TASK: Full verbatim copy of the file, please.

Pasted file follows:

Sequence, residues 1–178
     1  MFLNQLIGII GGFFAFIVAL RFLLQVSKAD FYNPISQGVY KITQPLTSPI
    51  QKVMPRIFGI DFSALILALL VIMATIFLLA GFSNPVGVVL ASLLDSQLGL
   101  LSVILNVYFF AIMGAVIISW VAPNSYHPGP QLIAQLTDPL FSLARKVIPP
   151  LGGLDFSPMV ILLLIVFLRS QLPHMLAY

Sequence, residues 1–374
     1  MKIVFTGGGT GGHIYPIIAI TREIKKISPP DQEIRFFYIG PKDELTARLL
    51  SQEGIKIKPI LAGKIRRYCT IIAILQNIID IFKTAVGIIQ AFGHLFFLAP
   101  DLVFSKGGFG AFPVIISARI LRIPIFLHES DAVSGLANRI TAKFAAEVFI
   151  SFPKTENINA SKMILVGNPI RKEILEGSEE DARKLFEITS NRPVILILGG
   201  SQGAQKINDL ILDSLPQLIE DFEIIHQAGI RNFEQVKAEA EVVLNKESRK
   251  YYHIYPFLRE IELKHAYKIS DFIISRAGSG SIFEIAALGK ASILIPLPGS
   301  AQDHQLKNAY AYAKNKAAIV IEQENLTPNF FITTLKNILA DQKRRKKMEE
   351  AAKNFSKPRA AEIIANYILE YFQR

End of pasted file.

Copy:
Sequence, residues 1–178
     1  MFLNQLIGII GGFFAFIVAL RFLLQVSKAD FYNPISQGVY KITQPLTSPI
    51  QKVMPRIFGI DFSALILALL VIMATIFLLA GFSNPVGVVL ASLLDSQLGL
   101  LSVILNVYFF AIMGAVIISW VAPNSYHPGP QLIAQLTDPL FSLARKVIPP
   151  LGGLDFSPMV ILLLIVFLRS QLPHMLAY

Sequence, residues 1–374
     1  MKIVFTGGGT GGHIYPIIAI TREIKKISPP DQEIRFFYIG PKDELTARLL
    51  SQEGIKIKPI LAGKIRRYCT IIAILQNIID IFKTAVGIIQ AFGHLFFLAP
   101  DLVFSKGGFG AFPVIISARI LRIPIFLHES DAVSGLANRI TAKFAAEVFI
   151  SFPKTENINA SKMILVGNPI RKEILEGSEE DARKLFEITS NRPVILILGG
   201  SQGAQKINDL ILDSLPQLIE DFEIIHQAGI RNFEQVKAEA EVVLNKESRK
   251  YYHIYPFLRE IELKHAYKIS DFIISRAGSG SIFEIAALGK ASILIPLPGS
   301  AQDHQLKNAY AYAKNKAAIV IEQENLTPNF FITTLKNILA DQKRRKKMEE
   351  AAKNFSKPRA AEIIANYILE YFQR